The efficacy of IFN-β for treatment of multiple sclerosis can be reduced if patients develop neutralizing antibodies to the drug. Hedström and colleagues studied 695 patients with multiple sclerosis and found that the chance of developing neutralizing antibodies to IFNβ-1a in smokers is almost twice that in nonsmokers. A history of past smoking, however, was not found to influence development of such antibodies. The authors concluded that the results have implications for the practical care and the treatment of multiple sclerosis and give a perspective of the lungs as an immune-reactive organ, reacting upon irritation.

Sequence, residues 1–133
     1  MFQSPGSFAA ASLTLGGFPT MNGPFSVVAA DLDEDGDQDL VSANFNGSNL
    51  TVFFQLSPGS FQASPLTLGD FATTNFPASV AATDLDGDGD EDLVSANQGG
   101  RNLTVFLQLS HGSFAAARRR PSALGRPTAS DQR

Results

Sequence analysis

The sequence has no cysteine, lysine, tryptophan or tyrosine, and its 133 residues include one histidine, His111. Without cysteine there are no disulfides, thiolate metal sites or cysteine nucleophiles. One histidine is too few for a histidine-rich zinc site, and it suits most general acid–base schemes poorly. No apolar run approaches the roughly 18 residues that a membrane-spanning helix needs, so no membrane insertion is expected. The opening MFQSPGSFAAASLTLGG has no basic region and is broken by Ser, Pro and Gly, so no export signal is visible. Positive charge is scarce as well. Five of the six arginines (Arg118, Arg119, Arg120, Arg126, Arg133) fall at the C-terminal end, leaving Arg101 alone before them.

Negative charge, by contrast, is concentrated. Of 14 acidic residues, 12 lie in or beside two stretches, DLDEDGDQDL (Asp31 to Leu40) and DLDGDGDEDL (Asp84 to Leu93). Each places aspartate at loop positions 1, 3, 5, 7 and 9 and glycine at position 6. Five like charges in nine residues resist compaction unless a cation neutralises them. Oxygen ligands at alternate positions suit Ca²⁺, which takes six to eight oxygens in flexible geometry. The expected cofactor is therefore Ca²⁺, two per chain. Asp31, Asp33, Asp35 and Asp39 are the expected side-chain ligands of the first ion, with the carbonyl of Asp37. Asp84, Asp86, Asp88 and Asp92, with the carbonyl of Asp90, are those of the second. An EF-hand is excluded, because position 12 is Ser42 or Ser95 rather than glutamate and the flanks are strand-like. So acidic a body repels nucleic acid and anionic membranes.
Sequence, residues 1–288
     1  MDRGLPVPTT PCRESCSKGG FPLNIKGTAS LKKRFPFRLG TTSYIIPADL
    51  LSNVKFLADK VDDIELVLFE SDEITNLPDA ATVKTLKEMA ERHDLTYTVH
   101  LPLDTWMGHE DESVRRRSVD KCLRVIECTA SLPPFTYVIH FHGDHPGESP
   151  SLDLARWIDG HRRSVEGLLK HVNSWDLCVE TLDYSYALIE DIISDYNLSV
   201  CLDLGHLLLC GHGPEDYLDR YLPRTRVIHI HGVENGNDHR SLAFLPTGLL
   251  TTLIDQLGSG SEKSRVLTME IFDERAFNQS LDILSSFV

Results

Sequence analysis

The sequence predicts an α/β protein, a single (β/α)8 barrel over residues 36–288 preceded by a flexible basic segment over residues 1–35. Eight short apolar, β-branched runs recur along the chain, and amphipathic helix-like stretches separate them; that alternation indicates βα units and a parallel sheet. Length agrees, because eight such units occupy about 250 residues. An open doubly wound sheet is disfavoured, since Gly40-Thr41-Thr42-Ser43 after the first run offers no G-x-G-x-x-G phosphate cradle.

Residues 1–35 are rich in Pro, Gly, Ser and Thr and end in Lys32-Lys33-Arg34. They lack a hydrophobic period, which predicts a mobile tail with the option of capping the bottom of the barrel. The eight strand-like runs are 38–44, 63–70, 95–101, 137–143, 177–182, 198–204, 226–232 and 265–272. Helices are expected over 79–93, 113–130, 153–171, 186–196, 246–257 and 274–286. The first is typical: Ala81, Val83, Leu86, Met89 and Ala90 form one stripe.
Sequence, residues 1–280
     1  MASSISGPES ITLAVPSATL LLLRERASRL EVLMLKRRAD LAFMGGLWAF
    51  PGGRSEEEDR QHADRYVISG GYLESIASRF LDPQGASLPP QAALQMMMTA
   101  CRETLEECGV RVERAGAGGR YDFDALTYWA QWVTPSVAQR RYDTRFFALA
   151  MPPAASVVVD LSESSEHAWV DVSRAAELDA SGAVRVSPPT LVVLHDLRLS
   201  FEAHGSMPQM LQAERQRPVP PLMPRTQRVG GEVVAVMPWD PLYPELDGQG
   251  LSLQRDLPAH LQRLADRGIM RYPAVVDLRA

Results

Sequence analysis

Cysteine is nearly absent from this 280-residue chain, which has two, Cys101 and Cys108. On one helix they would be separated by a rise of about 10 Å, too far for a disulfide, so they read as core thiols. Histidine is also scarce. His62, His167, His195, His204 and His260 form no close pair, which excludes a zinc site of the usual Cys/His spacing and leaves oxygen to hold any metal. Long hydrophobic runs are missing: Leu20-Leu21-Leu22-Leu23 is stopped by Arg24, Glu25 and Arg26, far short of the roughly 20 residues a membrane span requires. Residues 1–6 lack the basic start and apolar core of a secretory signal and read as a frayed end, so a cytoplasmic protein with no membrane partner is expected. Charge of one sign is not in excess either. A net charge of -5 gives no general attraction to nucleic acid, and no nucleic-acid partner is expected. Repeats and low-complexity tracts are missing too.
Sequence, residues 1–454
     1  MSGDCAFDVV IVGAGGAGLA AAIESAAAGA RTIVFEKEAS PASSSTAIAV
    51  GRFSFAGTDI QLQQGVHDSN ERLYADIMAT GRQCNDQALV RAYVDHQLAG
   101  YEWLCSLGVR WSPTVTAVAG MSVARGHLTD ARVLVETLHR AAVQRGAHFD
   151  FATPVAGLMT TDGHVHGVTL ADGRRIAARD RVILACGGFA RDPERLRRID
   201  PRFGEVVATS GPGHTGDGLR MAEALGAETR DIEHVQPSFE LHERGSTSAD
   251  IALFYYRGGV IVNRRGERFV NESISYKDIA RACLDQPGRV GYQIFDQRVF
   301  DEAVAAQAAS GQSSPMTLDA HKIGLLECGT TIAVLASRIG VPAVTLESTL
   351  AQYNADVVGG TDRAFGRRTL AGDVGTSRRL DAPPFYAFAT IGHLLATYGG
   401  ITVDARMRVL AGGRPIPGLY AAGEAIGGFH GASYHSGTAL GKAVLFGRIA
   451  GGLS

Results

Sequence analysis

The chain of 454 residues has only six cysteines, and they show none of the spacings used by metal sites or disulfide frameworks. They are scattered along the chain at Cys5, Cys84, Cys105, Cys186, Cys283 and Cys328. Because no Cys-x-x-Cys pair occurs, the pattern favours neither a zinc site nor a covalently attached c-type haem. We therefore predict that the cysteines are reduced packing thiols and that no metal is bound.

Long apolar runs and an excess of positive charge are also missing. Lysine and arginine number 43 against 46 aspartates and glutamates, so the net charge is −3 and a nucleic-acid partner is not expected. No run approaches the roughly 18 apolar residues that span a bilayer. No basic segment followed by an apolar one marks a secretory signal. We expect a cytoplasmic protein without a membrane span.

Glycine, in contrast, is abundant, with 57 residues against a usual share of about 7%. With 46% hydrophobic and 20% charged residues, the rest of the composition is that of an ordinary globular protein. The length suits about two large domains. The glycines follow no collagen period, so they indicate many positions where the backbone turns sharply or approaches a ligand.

Hedström AK, Ryner M, Fink K, Fogdell-Hahn A, Alfredsson L, Olsson T, Hillert J: Smoking and risk of treatment-induced neutralizing antibodies to interferon β-1a, Multiple Sclerosis [Epub ahead of print, August 7, 2013; doi: 10.1177/1352458513498635].

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